Cooperation prospects and security challenges for Central Asia

Today, we are witnessing a change in the existing world order. It is increasingly characterised by stronger regional blocs and geopolitical confrontations.

In these conditions, we see the growing influence of Central Asia, a region that finds itself at the junction of interests of global and regional powers.


Yerzhan Saltybayev

We must not forget that the ability of the countries of the region to respond to challenges, old and new, will directly depend on Central Asia’s ability to resolve its internal issues on its own and develop coordinated positions on various topics.

In this regard, the March 15 meeting of the heads of state of Central Asia, as well as the consultative meetings of foreign ministers, is of particular relevance.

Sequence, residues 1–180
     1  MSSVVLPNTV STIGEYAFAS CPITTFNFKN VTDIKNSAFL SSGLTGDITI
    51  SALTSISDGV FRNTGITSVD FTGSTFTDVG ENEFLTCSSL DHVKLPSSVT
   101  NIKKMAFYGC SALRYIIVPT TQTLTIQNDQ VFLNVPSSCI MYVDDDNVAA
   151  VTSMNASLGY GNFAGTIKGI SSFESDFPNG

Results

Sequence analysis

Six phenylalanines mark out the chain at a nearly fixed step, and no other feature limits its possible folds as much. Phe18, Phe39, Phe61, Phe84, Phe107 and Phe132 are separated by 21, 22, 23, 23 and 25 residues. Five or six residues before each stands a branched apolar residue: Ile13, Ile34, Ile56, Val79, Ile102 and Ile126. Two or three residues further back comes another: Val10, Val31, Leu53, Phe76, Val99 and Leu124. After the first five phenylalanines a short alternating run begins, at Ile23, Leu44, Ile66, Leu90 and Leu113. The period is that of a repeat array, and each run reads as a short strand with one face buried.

Closer cooperation at the highest level gives us hope for the solution of the most urgent issues, including the joint use of water resources, energy, transit potential development and the fight against terrorism and extremism.

The new pace of cooperation in the region is already bearing fruit – trade has grown significantly, new air and rail routes are being launched and new infrastructure projects are being implemented.

The important thing is that the Central Asian region is open to the rest of the world and positions itself as one of the main transport and logistics hubs between Europe and Asia.

Countries of the region actively participate in major international and integration projects, including the Belt and Road Initiative, the Eurasian Economic Union, the Shanghai Cooperation Organisation, to name a few.

On top of that, the experience of cooperating with global and regional powers that has been accumulated over the years of independence helps us look optimistically into the future of Central Asia.

Today, Central Asia is experiencing a new era of partnership. That is why it is vital for us to comprehend the state and prospects of this process, identify the main obstacles and assess the possible risks of deeper regional cooperation.

The author is Director of the Institute of World Economics and Politics under the Foundation of the First President of the Republic of Kazakhstan.